Saturday, February 23, 2008

A Great Review of Analyst Forecast Research

As most academics know, a good survey article is worth its weight in gold. So, here's a good one on analyst forecast research (you can send money later)

Sundaresh Ramnath, Steve Rock and Philip Shane have a piece in the 2008 International Journal Of Forecasting entitled "The Financial Analyst Forecasting Literature: A Taxonomy with Suggestions for Further Research." In it, they catalog and organize about 250 research articles on various facets of the equity analysis process done since 1992 (it builds on earlier pieces by Schipper (991) and Brown (1993)). They arrange their review into the following topics:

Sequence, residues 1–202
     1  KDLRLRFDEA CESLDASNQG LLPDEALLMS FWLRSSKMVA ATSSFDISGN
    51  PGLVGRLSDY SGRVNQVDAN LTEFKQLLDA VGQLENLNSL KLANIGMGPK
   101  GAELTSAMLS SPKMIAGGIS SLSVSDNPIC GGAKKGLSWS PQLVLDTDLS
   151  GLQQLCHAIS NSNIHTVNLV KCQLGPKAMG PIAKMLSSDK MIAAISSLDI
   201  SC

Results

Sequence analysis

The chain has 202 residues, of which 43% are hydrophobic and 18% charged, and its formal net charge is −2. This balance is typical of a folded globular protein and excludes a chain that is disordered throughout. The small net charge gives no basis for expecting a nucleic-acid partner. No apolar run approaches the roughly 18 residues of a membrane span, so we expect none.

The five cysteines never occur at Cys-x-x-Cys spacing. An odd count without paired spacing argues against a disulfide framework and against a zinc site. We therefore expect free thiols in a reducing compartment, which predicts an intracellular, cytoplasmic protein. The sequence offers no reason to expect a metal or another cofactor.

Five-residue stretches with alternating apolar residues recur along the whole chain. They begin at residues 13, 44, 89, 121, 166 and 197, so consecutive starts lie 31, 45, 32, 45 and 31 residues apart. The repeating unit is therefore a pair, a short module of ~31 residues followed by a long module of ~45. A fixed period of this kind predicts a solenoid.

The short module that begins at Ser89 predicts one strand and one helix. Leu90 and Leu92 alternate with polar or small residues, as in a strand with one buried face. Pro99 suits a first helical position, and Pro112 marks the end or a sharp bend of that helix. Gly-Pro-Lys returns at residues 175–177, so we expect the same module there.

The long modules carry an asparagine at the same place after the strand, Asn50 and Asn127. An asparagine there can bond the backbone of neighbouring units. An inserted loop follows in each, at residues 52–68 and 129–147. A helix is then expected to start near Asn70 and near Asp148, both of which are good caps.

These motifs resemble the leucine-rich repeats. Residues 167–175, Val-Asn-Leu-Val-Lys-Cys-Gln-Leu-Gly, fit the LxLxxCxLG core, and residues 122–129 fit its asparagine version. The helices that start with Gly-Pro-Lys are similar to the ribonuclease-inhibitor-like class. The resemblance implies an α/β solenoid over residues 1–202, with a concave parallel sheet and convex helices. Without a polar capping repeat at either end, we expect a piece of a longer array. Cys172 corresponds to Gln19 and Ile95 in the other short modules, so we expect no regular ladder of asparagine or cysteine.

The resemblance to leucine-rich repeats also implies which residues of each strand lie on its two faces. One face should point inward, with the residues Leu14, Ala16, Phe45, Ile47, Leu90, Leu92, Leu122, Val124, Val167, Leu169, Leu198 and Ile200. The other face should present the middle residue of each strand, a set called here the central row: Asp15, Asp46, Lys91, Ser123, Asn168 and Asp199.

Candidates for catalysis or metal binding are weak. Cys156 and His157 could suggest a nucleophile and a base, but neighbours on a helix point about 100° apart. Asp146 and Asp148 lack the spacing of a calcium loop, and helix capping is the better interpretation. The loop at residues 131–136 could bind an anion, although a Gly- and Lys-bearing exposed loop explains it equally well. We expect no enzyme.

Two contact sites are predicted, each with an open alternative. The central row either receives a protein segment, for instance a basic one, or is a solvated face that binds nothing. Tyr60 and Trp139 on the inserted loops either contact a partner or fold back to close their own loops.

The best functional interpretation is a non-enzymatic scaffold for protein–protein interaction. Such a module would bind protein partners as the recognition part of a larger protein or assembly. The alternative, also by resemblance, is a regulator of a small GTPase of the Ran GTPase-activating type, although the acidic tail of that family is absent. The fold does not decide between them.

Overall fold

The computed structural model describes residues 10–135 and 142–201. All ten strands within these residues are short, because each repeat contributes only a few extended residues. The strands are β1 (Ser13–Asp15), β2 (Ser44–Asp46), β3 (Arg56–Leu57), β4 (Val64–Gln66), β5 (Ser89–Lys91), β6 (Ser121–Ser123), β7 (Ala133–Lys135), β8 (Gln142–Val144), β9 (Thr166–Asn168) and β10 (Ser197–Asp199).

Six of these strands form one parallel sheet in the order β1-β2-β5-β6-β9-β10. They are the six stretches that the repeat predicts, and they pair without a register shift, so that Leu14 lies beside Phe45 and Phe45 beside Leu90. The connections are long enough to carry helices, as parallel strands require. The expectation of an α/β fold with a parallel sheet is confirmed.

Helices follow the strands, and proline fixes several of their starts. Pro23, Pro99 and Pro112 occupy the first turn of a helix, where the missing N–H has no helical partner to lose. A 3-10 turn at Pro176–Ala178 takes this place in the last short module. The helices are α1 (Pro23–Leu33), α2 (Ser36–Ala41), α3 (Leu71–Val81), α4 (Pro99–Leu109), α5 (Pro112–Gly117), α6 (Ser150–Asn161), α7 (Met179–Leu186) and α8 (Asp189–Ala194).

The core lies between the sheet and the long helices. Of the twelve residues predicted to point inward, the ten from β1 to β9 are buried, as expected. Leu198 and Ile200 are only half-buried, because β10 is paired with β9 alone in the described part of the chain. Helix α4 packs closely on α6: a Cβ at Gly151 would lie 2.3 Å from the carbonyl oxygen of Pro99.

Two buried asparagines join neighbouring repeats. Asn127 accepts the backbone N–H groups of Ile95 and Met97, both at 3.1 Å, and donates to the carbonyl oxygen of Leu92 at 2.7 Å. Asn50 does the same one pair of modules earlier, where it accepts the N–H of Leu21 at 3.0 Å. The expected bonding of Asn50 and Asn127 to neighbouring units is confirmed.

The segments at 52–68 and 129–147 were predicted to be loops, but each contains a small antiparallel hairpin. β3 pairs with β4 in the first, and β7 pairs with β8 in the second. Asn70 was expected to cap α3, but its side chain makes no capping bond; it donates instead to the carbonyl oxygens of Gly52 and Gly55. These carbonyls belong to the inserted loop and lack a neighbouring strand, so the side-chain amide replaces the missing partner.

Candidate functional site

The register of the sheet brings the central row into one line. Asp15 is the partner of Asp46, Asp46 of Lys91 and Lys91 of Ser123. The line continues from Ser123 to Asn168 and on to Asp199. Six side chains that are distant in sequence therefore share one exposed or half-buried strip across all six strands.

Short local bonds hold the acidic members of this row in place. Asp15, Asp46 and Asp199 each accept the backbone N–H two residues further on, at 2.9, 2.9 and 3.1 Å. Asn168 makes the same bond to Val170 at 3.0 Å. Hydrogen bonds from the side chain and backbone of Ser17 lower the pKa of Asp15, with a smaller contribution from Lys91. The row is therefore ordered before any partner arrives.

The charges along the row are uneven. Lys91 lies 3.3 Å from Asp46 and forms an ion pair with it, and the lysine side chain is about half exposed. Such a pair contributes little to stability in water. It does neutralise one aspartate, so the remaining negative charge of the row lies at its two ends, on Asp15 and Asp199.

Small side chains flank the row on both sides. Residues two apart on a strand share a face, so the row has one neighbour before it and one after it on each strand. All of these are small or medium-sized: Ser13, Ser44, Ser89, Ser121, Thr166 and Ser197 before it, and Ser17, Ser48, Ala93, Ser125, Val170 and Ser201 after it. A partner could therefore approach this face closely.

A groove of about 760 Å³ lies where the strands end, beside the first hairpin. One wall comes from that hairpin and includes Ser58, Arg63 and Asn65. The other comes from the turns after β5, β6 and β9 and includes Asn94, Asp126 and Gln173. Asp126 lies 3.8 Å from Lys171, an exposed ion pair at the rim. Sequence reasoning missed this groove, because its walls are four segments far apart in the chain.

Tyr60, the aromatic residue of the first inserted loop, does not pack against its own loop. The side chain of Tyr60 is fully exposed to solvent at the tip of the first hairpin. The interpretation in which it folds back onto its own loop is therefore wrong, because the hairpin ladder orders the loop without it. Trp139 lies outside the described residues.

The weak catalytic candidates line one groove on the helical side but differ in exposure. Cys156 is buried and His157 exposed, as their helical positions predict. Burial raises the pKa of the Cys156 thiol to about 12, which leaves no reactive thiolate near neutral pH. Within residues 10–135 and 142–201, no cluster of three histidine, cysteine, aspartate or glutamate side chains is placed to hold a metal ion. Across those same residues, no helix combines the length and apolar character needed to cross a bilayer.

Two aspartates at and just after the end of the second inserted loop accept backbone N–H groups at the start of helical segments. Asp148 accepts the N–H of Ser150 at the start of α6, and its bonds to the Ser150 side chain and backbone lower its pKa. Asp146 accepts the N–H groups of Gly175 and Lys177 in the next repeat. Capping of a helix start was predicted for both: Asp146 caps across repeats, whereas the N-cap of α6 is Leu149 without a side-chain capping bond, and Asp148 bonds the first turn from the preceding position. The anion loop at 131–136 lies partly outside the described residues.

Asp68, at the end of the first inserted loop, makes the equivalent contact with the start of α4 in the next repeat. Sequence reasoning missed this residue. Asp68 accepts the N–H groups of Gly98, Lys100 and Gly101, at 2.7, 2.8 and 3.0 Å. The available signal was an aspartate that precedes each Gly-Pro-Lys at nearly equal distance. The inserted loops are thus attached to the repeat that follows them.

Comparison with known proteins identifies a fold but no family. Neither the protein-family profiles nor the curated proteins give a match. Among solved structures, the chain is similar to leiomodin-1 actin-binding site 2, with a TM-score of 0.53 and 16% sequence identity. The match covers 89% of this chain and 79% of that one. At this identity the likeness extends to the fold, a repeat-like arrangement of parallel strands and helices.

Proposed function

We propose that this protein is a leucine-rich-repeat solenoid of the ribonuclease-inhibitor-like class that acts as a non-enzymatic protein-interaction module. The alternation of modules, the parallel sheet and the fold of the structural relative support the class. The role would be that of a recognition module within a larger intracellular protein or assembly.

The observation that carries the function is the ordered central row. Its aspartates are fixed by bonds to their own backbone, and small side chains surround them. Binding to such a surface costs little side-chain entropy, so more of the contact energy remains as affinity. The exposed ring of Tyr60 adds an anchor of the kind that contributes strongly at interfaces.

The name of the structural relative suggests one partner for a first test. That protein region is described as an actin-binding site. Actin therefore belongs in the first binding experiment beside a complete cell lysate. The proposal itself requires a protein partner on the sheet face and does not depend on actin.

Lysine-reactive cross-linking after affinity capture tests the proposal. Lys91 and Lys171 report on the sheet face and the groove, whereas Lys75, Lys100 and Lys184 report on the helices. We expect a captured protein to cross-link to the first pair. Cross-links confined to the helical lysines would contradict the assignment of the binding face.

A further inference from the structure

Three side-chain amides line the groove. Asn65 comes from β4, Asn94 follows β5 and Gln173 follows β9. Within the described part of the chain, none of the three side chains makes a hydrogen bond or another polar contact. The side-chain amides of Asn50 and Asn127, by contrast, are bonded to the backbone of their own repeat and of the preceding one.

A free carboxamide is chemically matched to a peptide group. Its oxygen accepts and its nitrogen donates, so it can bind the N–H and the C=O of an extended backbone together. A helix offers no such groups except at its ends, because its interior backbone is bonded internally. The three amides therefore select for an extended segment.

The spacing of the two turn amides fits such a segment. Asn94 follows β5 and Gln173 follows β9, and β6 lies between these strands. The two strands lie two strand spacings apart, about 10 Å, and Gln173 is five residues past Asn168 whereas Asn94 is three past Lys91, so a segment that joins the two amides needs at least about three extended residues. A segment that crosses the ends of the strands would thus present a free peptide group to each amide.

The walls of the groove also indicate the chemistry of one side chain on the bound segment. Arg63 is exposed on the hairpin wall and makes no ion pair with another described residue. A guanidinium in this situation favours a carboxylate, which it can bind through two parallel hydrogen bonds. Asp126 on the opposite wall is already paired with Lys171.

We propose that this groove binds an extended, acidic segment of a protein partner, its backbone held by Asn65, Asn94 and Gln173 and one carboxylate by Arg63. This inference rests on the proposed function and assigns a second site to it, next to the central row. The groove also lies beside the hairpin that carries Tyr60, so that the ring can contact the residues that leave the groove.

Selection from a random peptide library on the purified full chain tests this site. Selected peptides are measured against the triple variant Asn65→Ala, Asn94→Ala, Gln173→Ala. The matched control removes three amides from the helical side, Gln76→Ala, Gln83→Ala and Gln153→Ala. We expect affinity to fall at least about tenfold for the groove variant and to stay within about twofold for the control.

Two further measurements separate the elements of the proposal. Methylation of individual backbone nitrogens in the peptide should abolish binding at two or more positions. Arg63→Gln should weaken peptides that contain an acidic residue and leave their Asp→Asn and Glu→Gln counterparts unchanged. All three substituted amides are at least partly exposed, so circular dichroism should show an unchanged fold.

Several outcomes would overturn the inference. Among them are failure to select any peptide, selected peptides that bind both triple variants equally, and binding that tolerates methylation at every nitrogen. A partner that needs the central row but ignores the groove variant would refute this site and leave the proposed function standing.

• How do analysts make decisions (i.e. what information do they use, how does their environment affect them, etc...)
  • What is the nature of analysts expertise (i.e. how do you measure it, is there herding, etc...)
  • Information content (how informative are analysts forecasts, is there information in forecasts over an above other available information)
  • Market efficiency (how much is extant information reflected in forecasts, do stock prices reflect the info in forecasts, etc...)
  • What incentives or behavioral biases affect or are present in analyst forecasts
  • How does the regulatory environment affect the forecasting process
  • How statistically valid are analyst forecast studies?
All in all, it's a very thorough piece, and I suspect it'll end up being read and cited by quite academics. In particular, I'd recommend it to grad students who are trying to get up to speed on this very broad literature.

The IJF piece is for subscribers only, but there's an ungated version on SSRN here.

HT: CXO Advisory Group.